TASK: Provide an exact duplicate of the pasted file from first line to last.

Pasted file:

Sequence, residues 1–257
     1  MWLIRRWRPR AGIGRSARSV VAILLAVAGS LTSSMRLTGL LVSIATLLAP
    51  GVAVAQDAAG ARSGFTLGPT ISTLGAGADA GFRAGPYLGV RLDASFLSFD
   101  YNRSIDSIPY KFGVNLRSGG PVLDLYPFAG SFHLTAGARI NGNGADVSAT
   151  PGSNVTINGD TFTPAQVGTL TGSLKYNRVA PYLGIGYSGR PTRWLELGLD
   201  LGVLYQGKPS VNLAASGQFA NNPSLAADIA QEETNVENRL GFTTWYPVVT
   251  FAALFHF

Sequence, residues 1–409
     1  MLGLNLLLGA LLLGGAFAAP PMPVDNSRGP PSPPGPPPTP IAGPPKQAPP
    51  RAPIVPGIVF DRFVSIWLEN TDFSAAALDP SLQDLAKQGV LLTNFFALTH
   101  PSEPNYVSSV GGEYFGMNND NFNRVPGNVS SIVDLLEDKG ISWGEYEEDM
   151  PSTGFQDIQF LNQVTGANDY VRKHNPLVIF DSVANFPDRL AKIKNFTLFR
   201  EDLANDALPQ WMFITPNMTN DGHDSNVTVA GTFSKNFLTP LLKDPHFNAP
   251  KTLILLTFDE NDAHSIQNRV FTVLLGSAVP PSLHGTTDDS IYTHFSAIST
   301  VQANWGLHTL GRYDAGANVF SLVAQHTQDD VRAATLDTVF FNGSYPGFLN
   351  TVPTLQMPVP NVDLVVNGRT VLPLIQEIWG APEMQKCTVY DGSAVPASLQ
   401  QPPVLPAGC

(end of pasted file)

Sequence, residues 1–257
     1  MWLIRRWRPR AGIGRSARSV VAILLAVAGS LTSSMRLTGL LVSIATLLAP
    51  GVAVAQDAAG ARSGFTLGPT ISTLGAGADA GFRAGPYLGV RLDASFLSFD
   101  YNRSIDSIPY KFGVNLRSGG PVLDLYPFAG SFHLTAGARI NGNGADVSAT
   151  PGSNVTINGD TFTPAQVGTL TGSLKYNRVA PYLGIGYSGR PTRWLELGLD
   201  LGVLYQGKPS VNLAASGQFA NNPSLAADIA QEETNVENRL GFTTWYPVVT
   251  FAALFHF

Sequence, residues 1–409
     1  MLGLNLLLGA LLLGGAFAAP PMPVDNSRGP PSPPGPPPTP IAGPPKQAPP
    51  RAPIVPGIVF DRFVSIWLEN TDFSAAALDP SLQDLAKQGV LLTNFFALTH
   101  PSEPNYVSSV GGEYFGMNND NFNRVPGNVS SIVDLLEDKG ISWGEYEEDM
   151  PSTGFQDIQF LNQVTGANDY VRKHNPLVIF DSVANFPDRL AKIKNFTLFR
   201  EDLANDALPQ WMFITPNMTN DGHDSNVTVA GTFSKNFLTP LLKDPHFNAP
   251  KTLILLTFDE NDAHSIQNRV FTVLLGSAVP PSLHGTTDDS IYTHFSAIST
   301  VQANWGLHTL GRYDAGANVF SLVAQHTQDD VRAATLDTVF FNGSYPGFLN
   351  TVPTLQMPVP NVDLVVNGRT VLPLIQEIWG APEMQKCTVY DGSAVPASLQ
   401  QPPVLPAGC